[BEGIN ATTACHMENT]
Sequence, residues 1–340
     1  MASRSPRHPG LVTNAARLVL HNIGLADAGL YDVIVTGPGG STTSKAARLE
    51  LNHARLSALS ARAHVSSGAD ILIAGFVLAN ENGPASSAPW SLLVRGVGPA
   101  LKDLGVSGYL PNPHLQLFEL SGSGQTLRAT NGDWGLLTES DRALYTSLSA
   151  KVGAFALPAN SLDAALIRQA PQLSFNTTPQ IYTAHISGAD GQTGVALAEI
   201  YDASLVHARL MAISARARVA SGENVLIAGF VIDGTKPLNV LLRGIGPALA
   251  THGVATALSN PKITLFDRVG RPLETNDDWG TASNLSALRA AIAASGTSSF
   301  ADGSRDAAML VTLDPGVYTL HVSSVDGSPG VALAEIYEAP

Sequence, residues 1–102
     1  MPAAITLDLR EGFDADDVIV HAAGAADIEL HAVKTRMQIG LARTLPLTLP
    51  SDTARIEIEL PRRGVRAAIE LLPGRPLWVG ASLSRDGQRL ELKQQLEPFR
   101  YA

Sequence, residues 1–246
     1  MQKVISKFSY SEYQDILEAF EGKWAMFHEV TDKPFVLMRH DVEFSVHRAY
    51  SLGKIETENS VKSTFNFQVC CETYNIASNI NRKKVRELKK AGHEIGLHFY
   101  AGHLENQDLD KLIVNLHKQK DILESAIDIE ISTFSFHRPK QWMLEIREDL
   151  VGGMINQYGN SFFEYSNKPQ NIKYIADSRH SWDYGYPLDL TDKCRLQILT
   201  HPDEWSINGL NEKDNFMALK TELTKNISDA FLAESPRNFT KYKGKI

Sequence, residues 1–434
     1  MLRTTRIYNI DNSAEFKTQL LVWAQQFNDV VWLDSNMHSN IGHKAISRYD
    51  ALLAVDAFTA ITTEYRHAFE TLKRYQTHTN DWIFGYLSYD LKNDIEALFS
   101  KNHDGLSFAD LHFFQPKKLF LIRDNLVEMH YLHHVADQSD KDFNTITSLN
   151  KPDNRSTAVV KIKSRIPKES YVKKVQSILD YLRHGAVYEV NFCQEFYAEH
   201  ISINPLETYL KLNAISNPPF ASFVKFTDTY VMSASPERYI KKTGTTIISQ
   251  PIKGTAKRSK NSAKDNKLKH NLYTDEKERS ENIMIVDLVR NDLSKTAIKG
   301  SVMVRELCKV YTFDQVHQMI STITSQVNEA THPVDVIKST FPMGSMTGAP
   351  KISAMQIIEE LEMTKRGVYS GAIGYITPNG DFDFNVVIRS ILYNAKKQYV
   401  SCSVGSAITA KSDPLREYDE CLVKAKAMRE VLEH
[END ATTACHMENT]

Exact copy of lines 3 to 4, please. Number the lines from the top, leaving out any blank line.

    51  LNHARLSALS ARAHVSSGAD ILIAGFVLAN ENGPASSAPW SLLVRGVGPA
   101  LKDLGVSGYL PNPHLQLFEL SGSGQTLRAT NGDWGLLTES DRALYTSLSA